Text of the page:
By Leon Botstein
As distinguished scholar Michael Beckerman—in his very fine notes to this performance—observes, there was no “specific reason” on Antonín Dvořák’s part for composing his Requiem. What Beckerman was referring to was some personal or perhaps public reason to honor the dead with a major monumental choral and orchestral work.
The reason Dvořák wrote the work was a commission from the Birmingham Festival in England. Although 19th-century England was often derided (primarily by its European rivals France and Germany) as an “unmusical” nation, it maintained an outstanding culture of choral singing and a nearly unmatched tradition of choral festivals. Felix Mendelssohn’s 1846 Elijah was also written for Birmingham, and there was no shortage of fine choral works by leading English composers of the second half of the 19th century, notably Charles Villiers Stanford (1852–1924) and Hubert Parry (1848–1918)—both teachers of Edward Elgar (1857–1934), the composer of several outstanding choral masterpieces.
Writing on commission has and will remain among the most reliable and persuasive reasons to write music. How else should a composer expect to earn a living? Our prejudices about what ought to motivate a painter to paint or a composer to write music—inspiration, for example—have been shaped by romantic notions of how creative spirits are different from the rest of us ordinary mortals and are inscrutable and impractical. Too much weight in our imaginations is given to notions of intuition, intensity, even madness, and especially tragic biographical circumstances. Too little thought is given to the simplicity of any artist’s circumstances, much like our own, and therefore to the impetus provided by patronage and the prospect of earning money from the performances of one’s works.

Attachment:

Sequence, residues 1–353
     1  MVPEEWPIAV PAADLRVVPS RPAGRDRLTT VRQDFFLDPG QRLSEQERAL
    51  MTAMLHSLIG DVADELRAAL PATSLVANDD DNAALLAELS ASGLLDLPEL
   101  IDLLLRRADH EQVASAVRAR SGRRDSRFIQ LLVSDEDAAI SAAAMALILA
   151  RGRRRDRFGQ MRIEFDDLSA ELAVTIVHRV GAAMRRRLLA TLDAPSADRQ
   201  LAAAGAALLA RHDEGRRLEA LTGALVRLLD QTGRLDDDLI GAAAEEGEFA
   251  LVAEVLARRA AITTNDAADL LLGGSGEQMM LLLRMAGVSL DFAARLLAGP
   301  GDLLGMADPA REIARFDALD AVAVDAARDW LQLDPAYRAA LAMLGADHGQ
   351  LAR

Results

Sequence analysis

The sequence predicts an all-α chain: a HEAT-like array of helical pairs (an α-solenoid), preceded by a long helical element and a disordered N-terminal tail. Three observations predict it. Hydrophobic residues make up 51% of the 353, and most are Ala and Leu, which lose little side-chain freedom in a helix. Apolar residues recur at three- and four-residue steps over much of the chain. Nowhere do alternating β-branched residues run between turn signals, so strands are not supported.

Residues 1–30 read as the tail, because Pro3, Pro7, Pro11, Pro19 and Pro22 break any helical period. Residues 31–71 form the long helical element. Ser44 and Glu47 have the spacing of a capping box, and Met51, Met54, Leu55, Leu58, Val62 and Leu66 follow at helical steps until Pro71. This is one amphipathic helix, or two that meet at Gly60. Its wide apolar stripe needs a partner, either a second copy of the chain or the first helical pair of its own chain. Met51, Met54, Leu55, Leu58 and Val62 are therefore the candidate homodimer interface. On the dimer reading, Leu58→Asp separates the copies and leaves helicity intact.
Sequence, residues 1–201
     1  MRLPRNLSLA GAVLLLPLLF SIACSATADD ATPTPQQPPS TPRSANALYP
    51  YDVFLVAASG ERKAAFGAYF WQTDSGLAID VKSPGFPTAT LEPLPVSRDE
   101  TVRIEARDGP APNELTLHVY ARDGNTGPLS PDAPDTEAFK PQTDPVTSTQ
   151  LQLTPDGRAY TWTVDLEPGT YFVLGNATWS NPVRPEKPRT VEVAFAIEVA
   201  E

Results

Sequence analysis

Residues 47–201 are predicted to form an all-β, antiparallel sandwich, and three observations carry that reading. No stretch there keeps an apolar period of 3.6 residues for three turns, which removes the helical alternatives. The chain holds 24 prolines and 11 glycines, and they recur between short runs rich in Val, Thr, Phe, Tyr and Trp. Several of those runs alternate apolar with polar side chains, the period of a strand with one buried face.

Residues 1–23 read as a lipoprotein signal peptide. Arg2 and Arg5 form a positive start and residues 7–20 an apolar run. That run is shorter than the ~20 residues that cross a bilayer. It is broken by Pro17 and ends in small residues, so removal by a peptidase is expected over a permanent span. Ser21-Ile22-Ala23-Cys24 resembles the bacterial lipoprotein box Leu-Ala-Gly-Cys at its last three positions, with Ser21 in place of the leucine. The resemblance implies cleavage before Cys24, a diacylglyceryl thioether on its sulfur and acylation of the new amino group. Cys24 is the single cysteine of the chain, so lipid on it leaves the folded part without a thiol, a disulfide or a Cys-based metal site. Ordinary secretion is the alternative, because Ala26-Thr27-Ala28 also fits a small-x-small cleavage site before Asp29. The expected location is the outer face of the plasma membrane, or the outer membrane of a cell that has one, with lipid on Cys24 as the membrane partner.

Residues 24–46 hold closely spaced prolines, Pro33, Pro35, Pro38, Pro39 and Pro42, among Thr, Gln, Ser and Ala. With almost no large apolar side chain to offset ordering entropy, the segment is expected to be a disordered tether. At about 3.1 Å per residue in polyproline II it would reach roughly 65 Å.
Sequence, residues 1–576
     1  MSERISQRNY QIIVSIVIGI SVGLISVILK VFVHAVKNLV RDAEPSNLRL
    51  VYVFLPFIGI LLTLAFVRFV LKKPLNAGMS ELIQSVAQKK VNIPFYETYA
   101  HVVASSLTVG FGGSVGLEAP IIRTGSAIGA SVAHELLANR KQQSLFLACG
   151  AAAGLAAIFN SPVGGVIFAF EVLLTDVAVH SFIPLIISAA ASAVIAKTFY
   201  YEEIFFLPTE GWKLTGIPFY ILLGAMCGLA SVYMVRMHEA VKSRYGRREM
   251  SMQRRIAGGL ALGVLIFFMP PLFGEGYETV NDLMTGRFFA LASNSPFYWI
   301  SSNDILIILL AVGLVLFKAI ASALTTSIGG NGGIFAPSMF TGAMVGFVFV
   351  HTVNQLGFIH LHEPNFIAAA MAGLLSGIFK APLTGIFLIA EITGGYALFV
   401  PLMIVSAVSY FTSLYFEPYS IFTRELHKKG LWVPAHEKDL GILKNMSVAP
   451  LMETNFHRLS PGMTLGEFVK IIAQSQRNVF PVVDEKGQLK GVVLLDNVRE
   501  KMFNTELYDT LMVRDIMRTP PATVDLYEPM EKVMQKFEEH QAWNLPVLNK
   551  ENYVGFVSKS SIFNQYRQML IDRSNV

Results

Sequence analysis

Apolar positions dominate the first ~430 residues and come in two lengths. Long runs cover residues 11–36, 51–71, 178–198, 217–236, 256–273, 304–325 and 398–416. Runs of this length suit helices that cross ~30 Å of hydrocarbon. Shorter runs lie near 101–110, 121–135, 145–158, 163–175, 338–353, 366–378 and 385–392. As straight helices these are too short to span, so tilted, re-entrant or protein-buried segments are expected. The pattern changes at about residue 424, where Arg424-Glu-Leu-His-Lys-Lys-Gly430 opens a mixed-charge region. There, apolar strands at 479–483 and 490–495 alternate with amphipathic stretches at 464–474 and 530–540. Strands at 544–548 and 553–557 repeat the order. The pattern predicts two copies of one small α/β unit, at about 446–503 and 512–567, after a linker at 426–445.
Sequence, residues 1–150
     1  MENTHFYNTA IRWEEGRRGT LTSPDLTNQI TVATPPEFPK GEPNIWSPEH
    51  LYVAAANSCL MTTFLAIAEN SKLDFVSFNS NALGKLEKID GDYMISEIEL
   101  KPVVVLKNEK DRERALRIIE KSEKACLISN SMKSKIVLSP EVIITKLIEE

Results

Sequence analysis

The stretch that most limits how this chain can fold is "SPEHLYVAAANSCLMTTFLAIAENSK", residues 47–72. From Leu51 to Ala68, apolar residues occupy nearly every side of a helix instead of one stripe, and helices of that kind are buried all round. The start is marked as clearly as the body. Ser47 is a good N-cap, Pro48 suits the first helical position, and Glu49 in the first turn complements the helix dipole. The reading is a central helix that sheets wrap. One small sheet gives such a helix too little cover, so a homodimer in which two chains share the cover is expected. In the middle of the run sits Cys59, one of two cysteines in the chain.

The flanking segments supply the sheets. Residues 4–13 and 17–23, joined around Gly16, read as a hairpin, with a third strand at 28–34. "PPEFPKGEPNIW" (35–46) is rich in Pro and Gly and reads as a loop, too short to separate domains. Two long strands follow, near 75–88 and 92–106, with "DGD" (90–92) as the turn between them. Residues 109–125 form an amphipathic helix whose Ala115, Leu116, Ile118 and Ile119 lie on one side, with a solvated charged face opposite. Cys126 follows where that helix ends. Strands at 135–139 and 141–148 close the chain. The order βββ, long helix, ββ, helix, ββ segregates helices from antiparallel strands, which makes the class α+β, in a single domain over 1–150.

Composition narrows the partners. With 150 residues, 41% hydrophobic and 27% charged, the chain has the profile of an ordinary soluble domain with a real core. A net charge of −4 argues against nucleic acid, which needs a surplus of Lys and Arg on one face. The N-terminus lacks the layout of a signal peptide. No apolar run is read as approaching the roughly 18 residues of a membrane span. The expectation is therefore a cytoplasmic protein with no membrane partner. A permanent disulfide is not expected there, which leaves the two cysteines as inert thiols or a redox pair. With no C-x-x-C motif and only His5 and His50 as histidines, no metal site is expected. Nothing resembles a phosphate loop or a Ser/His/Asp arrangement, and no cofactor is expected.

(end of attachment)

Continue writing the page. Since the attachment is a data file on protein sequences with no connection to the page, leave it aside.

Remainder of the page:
That however does not entirely answer the question of why Dvořák chose to compose a Requiem for Birmingham in 1890, as opposed to another type of choral/orchestral work. Dvořák’s Requiem is not for an individual or a particular group. Dvořák was certainly aware that many of the great Requiems that preceded his had indeed been written for a specific reason or occasion. Most famous was of course Mozart’s, which quickly became the stuff of legend—a mysterious commission that coincided with his last illness and his death, and resulted in an unfinished masterpiece. And there was Berlioz’s Requiem, written on a commission in 1837 to honor the soldiers who died in the July Revolution of 1830. That was a patriotic Requiem. Brahms’s Requiem from the 1860s (not a Catholic work, but a Protestant adaptation, so to speak—a “German” Requiem) was inspired by the death of his mother. Verdi’s 1874 Requiem was a mix of the personal and the political; it was written to commemorate the death of his friend, Italy’s greatest writer, Alessandro Manzoni (1785–1873), an ally in the cause of Italian unification.
It is appropriate to remember, however, that death at a young age (from our point of view) was a far more ever-present danger in daily life and more common (apart from wars) as a fact of life in the world in which Dvořak lived, a world without the progress of modern medicine and the extensive life expectancy we—even in the wake of the COVID-19 pandemic—take for granted. Dvořak himself was no stranger to this fact. He and his wife lost their first three children in the space of a few years in the late 1870s. Furthermore, few if any aspects of life are so inspiring of religious faith as the fear of death and death itself. No encounter in the struggle of life calls out for as much consolation and resistance to its finality as death. Nothing we experience compares to the solemnity, gravity, and sense of human powerlessness inspired by death. And nothing matches the range of emotions humans express in the face of death, from rage and denial to resignation and hope.